Squash Soup Recipe

Summer or Winter Squash

Vegetarian Soup Version with Summer Squash

Chop delicious organic local sweet onions in large pieces. Sauté in soup pot in olive oil or butter ‘til soft and not browned. Add a small handful of fennel seeds and warm in the oil. Add zucchini, chopped the same as onions, stir to mix well. Once they start to warm up, add stock to the pot to just barely cover (I use my homemade vegetable stock, but any full flavored vegetable stock will do).

Add salt + pepper to taste + 1 – 2 bay leaf. Simmer covered until just tender. Then use a blending stick, masher or blender to blend ingredients. Add some wonderful Roxbury basil the pot when you’re blending it all together. Serve warm or cool with fresh herbs snipped over each serving.

Total time to prep cook: about 20 minutes.

Winter Squash Variation: Cook any variety of winter squash ahead of time by either skinning, chopping and boiling in stock first until tender, then proceed as above. Or prepare winter squash ahead of time by roasting in a hot (400 F) oven until tender, then split & remove seeds and take out pulp for soup. Or split squash first, remove seeds, then lightly oil cut side surfaces and place cut side down on oven pan and roast until tender at 400 F, anywhere from 30-60 minutes.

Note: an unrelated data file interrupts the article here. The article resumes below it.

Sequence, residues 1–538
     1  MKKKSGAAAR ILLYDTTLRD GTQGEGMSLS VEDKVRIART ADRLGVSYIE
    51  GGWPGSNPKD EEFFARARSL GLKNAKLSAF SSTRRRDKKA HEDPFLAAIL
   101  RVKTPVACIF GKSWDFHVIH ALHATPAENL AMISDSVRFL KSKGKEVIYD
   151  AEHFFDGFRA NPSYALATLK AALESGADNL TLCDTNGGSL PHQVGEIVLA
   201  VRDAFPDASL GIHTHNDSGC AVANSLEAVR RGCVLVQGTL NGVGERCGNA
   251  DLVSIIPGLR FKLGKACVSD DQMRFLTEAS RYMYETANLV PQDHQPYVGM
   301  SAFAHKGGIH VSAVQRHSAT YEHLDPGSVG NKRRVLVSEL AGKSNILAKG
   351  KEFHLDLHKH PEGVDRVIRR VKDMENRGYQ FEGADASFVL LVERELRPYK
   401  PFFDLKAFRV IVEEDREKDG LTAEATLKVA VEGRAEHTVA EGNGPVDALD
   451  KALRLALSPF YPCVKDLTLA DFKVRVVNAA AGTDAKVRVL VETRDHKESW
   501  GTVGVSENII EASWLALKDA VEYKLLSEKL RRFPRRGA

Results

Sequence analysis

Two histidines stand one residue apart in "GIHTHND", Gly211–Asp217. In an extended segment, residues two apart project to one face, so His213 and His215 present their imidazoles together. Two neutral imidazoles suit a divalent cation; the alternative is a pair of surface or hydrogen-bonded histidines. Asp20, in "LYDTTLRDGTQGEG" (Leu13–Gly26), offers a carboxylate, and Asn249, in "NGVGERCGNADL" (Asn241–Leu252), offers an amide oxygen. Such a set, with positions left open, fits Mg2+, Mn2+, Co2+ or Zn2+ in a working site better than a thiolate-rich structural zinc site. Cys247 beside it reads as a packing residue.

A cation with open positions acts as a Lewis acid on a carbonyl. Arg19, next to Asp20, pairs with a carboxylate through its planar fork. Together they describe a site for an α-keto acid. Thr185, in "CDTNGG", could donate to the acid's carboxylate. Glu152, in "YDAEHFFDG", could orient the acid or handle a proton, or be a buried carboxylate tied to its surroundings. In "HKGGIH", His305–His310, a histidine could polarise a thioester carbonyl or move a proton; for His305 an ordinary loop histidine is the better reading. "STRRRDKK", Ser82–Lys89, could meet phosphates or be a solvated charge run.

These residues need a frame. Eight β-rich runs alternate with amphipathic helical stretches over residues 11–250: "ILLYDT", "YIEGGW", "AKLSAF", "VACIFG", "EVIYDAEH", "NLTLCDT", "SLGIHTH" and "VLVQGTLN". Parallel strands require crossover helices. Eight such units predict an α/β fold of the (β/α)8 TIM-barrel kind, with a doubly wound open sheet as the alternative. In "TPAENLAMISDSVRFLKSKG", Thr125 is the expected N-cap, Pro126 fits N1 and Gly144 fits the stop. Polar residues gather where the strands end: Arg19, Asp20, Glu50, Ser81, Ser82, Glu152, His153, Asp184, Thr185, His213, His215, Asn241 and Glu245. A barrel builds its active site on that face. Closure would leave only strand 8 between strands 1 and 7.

Omit butter and use olive oil to sauté. If you want it ‘creamstyle’ add a splash of organic non GMO soy milk or oat milk at the end.


Omit onions and sauté in ghee or olive oil instead of butter. Make sure your vegetable stock doesn’t contain onions or garlic. For a real treat, grow some ‘holy basil’ as your basil variety this year, and use that at the end, blending in to taste.

I found Holy Basil, an herb sacred to Hindus, (which I grew for the first time this year), to be wonderfully aromatic, and pungent, entirely different than the Italian varieties made famous by pesto. You can order Holy Basil from Richter's Nurseries in Canada. Here is what they say about it: "(Tulsi; holy basil) The true sacred basil grown in houses, gardens and near temples all over India. Mildly intoxicating clove-scented leaves are used in salads and other cold dishes. Note that much of what is sold as 'sacred'or 'holy' basil is actually spice basil, listed separately."

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